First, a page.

The 34-year-old has been limited to 75 games the past three seasons due to issues associated with his hamstring, upper spine and lumbar spinal stenosis -- a condition in his lower back that he will forever need to monitor.

                        Wright played in just 37 games last season due to a herniated disc in his upper-spine, which led to corrective surgery and the pain in his shoulder that was addressed surgically.

                        According to Wright, the Mets have yet to push him on moving to first base, though he told Kernan he is open to anything the team needs him to do to remain on field in the future."


                        I give Wright a lot of credit for trying but it is time to give it up. Maybe he can get on the next coaching staff somehow and hopefully can manage the Mets one day. All around good guy in a business of selfishness.

                        Comment


                        • #13
                          Originally posted by rjsallstars View Post
                          "Mets 3B David Wright underwent a laminotomy procedure on his lower back Thursday in Los Angeles, the team announced.

                          A laminotomy is a "minimally invasive" procedure "designed to relieve a compressed nerve in the back of the spinal cord," according to the Laser Spine Institute.

                          "Through this entire rehab process, I have been driven to get back on the field as quickly as I can," Wright said in a statement. "That's why I had the shoulder surgery and that's why today I underwent back surgery to reduce the risk of further issues going forward. With these two surgeries behind me, I hope to be able to put on a Mets uniform again as soon as possible. My desire to play is as strong as ever."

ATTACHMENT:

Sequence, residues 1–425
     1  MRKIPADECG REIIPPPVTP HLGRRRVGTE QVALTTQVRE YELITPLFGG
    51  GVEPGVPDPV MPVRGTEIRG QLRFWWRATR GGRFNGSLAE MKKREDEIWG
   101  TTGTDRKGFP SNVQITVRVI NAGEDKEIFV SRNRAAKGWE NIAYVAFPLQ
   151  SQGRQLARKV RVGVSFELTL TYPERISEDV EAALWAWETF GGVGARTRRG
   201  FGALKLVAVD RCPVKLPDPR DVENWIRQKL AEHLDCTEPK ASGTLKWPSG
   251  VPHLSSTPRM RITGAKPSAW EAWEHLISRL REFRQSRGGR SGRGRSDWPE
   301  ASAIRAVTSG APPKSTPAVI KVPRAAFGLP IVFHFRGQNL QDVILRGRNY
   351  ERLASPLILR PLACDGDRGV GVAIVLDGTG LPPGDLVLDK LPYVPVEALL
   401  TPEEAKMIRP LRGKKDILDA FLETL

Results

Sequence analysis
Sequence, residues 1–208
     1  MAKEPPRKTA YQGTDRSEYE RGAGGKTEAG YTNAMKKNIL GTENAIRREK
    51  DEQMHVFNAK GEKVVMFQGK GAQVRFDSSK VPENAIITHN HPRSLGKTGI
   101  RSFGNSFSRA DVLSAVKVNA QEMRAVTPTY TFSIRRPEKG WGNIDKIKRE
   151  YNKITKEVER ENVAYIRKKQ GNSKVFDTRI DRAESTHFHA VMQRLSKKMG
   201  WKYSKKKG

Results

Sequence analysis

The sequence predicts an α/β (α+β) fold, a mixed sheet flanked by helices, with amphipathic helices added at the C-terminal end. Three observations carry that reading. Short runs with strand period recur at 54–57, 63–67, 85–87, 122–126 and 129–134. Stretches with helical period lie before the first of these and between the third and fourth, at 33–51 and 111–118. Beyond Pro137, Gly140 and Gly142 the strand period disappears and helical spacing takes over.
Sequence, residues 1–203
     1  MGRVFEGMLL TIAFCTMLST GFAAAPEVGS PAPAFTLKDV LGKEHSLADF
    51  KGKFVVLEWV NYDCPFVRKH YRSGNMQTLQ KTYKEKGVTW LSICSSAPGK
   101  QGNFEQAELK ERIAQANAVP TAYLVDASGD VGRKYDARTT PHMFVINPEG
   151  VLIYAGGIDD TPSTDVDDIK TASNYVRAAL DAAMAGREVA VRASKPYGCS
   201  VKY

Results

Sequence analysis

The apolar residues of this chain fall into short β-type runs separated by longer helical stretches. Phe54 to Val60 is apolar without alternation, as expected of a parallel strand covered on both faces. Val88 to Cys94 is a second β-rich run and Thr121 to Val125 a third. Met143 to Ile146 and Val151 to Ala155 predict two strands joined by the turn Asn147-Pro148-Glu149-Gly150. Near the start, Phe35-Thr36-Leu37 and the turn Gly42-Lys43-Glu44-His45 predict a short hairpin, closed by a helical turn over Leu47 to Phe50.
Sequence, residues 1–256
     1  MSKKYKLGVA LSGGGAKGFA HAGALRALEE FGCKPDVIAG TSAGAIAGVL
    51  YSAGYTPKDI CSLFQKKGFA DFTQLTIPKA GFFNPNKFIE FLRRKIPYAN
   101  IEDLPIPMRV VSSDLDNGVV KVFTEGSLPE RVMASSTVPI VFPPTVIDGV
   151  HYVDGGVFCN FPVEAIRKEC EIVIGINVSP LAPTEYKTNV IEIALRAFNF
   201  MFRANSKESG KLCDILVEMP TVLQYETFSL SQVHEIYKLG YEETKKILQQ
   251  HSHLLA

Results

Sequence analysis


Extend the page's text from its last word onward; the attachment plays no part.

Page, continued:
Wright, who has been dealing with spinal stenosis since 2015, said it was his shoulder -- not his back -- that derailed his return to the Mets this season.

                          "I feel like a weight has been lifted off my shoulders,'' Wright told Kevin Kernan of the NY Post after undergoing rotator cuff surgery last month. "At least now, I have peace of mind, and hope, that if all goes well with the surgery, this is what they thought it was and that's corrected now."




                          Wright said over the summer htat he has not considered retirment.

                          "I think I still have something to give," he said. "There's still kind of that passion and that fire in me."

                          After sitting idle for five months with a shoulder impingement, Wright tested his shoulder during three games with High-A St. Lucie in late-August. After again experiencing more pain when trying to throw, Wright terminated the rehab. The next day's MRI revealed deterioration of his rotator cuff and labrum, which were surgically repaired the following week.

                          The 34-year-old has been limited to 75 games the past three seasons due to issues associated with his hamstring, upper spine and lumbar spinal stenosis -- a condition in his lower back that he will forever need to monitor.

                          Wright played in just 37 games last season due to a herniated disc in his upper-spine, which led to corrective surgery and the pain in his shoulder that was addressed surgically.

                          According to Wright, the Mets have yet to push him on moving to first base, though he told Kernan he is open to anything the team needs him to do to remain on field in the future."


                          I give Wright a lot of credit for trying but it is time to give it up. Maybe he can get on the next coaching staff somehow and hopefully can manage the Mets one day. All around good guy in a business of selfishness.
                          Agreed..BUT as long as he is on the medically disabled list, insurance will cover 75% of his salary...And we all know how the Wilpons feel about money...
                          North of the Big Apple but missing Central Fla :atthepc

                          Comment


                          • #14
                            Originally posted by brooklynboy View Post

                            Agreed..BUT as long as he is on the medically disabled list, insurance will cover 75% of his salary...And we all know how the Wilpons feel about money...
                            Agreed. I guess that is why they purchased the insurance in the 1st place.

                            Comment